Sunday, January 15, 2012

The Black Power Mixtape 1967-1975 (Sweden; Goran Olsson, 2011)

   Having recently finished a 13-week class on Blaxploitation film, the study of which cannot be complete without discussing its close ties to the Black Power movement that was gaining popularity at the time its production, viewing this Swedish perspective on the BP years was an insightful glimpse through a foreign eye (which I incidentally also possess) of one of the most defining moments of 20th century America. As a weak-but-fierce Angel Davis herself proclaims during a hunger strike behind bars, to question the need for violence in such a revolution is to be ignorant of the daily realities facing the black community (at that time?). This ignorance is what this film seems intent on rectifying. Whether it succeeds or not is beyond my knowledge, seeing as all I have as an understanding of these events is a collection of various processed memories that each want to paint the era in a specifically defining light. However, one cannot deny the film's worth in providing us with deeply moving and profoundly revealing bits of stock footage. Stokely Carmichael, Angela Davis, Bobby Seale and many others are heard in the flesh, giving us a firsthand account of the roots and purposes of the Black Power philosophy. These images are supported (but never visually replaced) by voice-over commentaries spoken by various influential figures, some of which are seen in the footage and awarded the benefit of being able look back on themselves and reflect on these unforgettable years. While the film seems to veer towards the melodramatic side as it progresses, the images conserve their evocative power until the very end.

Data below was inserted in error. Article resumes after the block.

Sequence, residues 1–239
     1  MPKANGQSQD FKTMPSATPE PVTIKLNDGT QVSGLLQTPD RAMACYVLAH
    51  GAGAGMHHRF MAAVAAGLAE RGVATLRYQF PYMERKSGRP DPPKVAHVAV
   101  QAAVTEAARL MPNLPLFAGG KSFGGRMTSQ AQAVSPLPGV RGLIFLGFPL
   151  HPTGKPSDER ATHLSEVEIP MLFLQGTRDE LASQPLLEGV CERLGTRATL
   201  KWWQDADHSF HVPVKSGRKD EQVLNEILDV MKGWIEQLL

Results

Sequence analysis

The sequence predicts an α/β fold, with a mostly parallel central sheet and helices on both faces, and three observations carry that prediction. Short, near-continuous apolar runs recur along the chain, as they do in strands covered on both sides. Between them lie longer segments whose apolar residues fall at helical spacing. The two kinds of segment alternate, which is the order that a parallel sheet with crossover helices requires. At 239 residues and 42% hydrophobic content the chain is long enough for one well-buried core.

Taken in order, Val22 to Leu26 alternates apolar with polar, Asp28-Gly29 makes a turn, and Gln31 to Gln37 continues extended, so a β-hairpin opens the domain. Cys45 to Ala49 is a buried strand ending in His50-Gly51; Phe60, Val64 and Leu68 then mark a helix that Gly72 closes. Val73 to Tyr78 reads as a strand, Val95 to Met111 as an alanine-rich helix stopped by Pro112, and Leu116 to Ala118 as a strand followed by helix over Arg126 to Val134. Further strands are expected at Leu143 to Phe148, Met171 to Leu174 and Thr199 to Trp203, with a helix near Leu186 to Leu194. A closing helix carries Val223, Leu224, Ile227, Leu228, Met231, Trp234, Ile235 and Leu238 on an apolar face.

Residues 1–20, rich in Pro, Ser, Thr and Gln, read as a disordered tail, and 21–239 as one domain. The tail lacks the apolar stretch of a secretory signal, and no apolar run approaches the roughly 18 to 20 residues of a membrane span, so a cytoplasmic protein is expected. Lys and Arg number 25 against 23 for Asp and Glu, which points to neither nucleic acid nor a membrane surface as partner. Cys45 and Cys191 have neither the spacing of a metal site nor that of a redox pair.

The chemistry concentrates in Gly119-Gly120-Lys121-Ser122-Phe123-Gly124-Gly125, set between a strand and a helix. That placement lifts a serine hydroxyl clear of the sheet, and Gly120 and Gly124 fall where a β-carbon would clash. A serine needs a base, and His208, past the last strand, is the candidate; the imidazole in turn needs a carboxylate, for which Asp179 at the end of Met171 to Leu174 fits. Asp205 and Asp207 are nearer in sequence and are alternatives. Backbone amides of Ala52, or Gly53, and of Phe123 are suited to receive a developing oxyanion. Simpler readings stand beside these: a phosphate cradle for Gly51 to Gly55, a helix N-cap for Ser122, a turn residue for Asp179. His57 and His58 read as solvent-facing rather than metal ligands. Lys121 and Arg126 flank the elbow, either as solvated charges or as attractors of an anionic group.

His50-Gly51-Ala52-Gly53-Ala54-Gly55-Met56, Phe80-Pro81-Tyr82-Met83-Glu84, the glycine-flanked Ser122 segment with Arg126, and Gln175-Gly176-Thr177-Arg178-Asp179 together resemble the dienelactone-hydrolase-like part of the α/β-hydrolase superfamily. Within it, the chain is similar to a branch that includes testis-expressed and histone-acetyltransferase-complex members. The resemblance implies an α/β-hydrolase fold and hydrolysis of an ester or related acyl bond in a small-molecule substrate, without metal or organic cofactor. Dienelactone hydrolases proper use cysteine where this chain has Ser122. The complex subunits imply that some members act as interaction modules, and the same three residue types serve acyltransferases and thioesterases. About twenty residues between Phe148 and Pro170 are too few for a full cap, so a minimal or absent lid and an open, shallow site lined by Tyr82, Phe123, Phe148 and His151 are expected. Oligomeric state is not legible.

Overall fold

1 comment:

  1. I just saw this too. There is some truly remarkable footage there. But this is only one side of the story that was happening at the time, and contemporary viewers are a bit like the Swedish tourists on the bus in Harlem, taking in the exotic sights. Good film though, and fascinating for all sorts of reasons.